A progressing deteriorating of a flat foot or dropped arch in an adult is often known as posterior tibial tendon dysfunction as well as adult acquired flatfoot and will have major implications if not recognized early and treated. This is more prevalent in older as well as over weight adults. The primary issue is that the posterior tibial muscles that are given the task of holding up the arch in the feet are no longer efficient at carrying out this, consequently a gradual falling of the feet comes about. As well as a flattening of the arch of the feet there may be commonly increasing pain and discomfort within the arch of the feet as well as the rearfoot. As the posterior tibial tendon dysfunction moves along, further walking will become significantly harder and it is really fatiguing.
There are actually typically 4 stages associated with posterior tibial tendon dysfunction that the condition advances through with 1 being the initial phase and four being the final stage that only surgical treatment can fix. There is certainly some disagreement with the classifications of this with some variability amongst health care professionals and some reliability issues. Having said that, stage one is typically treated with foot orthoses as well as exercises and some drugs for the pain. Stage two generally needs a lot more aggressive and supporting foot orthotics, continuing with the exercises along with higher levels of pain relief drugs are usually necessary. Both stages 1 and 2 may benefit with high top supportive footwear. Long term weight loss programs can also be likely to be beneficial. When this does not prevent the development and the feet are proceeding towards a stage 3, then there is growing probability that reconstructive foot surgical procedures are likely to be needed. This is why it's so important that there be more intense conservative management of the feet when it's still in stage two to stop the development.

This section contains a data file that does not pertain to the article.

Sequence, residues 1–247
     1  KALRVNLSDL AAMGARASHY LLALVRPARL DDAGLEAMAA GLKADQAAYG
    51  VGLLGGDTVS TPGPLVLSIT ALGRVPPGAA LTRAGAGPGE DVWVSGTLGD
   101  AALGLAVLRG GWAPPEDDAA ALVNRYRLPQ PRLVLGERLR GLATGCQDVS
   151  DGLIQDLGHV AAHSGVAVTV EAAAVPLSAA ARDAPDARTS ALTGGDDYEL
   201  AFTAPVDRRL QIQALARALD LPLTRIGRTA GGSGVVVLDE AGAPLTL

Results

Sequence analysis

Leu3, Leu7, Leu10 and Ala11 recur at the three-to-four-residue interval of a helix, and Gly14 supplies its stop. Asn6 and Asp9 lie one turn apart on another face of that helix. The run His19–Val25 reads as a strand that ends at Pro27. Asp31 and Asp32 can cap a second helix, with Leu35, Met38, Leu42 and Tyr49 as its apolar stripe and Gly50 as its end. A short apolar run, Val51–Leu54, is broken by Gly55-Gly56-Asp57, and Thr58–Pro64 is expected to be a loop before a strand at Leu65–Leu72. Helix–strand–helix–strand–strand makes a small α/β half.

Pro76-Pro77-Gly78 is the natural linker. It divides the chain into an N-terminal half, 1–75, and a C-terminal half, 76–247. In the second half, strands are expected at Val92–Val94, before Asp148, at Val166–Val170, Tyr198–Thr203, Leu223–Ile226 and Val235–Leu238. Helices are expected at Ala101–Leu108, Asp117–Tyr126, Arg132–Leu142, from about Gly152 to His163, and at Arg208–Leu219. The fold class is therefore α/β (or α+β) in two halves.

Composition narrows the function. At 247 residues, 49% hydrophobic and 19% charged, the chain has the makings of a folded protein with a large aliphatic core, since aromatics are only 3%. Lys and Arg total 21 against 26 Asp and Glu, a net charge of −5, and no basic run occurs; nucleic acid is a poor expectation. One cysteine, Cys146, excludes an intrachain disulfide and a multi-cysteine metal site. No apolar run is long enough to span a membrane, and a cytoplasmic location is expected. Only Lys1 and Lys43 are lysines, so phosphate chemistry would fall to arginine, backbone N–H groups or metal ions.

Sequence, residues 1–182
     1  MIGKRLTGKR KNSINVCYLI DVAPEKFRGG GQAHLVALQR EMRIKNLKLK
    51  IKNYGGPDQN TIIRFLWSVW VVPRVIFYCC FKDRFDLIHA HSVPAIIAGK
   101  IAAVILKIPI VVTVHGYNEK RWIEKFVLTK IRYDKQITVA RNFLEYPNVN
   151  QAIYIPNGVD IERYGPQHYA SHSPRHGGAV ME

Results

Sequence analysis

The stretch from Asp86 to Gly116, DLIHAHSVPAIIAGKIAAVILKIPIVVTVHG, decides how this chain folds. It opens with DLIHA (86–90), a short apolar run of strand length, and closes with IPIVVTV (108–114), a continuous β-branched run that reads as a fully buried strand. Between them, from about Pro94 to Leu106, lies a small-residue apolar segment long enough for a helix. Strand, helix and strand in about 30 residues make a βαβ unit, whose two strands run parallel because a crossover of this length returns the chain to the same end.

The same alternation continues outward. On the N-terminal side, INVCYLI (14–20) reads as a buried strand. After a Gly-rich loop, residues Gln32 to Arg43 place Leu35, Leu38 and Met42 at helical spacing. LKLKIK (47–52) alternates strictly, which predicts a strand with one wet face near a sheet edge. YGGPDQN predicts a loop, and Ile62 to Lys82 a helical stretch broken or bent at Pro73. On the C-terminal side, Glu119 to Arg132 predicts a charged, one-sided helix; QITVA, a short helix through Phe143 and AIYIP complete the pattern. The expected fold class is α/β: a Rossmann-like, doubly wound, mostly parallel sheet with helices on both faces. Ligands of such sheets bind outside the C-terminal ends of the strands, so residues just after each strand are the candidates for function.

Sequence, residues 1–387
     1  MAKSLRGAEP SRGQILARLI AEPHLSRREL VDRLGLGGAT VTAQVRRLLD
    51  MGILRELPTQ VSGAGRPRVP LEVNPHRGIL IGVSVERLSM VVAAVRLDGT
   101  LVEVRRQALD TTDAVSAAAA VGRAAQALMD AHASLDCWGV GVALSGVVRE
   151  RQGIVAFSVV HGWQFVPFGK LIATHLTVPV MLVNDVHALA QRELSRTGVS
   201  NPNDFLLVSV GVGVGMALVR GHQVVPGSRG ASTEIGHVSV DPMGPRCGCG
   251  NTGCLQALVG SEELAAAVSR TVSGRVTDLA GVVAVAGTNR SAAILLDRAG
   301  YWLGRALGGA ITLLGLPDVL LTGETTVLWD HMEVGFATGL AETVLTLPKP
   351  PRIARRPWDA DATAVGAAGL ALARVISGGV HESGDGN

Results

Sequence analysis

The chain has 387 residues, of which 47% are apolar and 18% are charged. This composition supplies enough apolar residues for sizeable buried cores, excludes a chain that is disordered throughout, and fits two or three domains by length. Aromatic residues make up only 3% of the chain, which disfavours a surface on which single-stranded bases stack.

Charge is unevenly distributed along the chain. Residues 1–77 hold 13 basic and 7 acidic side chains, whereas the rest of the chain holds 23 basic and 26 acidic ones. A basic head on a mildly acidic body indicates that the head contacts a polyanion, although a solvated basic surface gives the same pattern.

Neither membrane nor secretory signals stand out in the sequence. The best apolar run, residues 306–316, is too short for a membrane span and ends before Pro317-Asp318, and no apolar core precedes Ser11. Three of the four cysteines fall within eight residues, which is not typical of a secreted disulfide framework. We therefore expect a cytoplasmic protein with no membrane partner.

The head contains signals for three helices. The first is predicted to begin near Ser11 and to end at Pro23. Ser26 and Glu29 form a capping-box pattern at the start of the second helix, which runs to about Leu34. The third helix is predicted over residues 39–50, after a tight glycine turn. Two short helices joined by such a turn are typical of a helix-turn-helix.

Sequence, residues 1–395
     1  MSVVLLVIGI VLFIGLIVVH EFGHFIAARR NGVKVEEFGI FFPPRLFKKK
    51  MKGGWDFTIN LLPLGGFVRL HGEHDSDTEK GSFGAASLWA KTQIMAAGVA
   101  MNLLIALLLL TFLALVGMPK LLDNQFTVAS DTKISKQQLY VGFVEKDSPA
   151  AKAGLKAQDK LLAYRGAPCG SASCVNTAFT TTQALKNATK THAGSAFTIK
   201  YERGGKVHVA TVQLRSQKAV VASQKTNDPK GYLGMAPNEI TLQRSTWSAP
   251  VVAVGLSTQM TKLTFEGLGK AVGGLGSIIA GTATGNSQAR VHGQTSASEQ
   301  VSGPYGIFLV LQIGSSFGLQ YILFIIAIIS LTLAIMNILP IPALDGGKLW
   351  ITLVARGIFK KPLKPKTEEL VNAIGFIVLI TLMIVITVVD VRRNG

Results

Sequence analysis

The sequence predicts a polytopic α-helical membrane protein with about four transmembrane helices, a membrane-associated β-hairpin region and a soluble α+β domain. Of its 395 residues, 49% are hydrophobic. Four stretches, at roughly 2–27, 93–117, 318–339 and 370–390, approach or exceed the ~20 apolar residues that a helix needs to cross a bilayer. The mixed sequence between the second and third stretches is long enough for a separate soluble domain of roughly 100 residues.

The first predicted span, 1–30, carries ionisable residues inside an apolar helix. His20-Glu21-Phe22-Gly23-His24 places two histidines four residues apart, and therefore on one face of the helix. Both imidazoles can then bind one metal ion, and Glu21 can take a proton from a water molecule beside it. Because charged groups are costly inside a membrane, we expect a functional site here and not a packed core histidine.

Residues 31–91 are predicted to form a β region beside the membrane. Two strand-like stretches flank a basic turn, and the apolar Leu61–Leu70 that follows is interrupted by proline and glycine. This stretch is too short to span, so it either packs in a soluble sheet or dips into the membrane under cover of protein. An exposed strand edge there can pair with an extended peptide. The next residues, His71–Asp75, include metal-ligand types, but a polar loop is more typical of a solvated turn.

An increasingly common solutions for posterior tibial tendon dysfunction while it continues to stage 2 is the Richie Brace. This Richie Brace has been widely used and it has been demonstrated to be really successful at stopping the advancement of this disorder and staying away from the need for surgical treatment. Surgical interventions tend to be successful, however, there is usually a residual measure of impairment remaining since the surgery usually does need the fusing of some important joints and also the transfer of muscles attachments with other parts of the foot. The Richie brace is a blend of an aggressively made tailor made foot orthoses and an ankle foot orthoses with struts to support either side of the ankle joint. The customized foot orthoses is made from a plaster cast or optical scan on the foot with the foot held in a fixed placement. The reason for the foot orthotic part of the Richie Brace is to try and hold the foot in this corrected posture. The struts which get included up the side of the ankle joint are hinged at the ankle joint to permit motion to happen at the joint. Those struts will be held on by Velcro to the lower calf to help support and improve the influence of the foot orthoses. If the progress of posterior tibial tendon dysfunction is usually ended making use of this, then surgery is commonly avoided.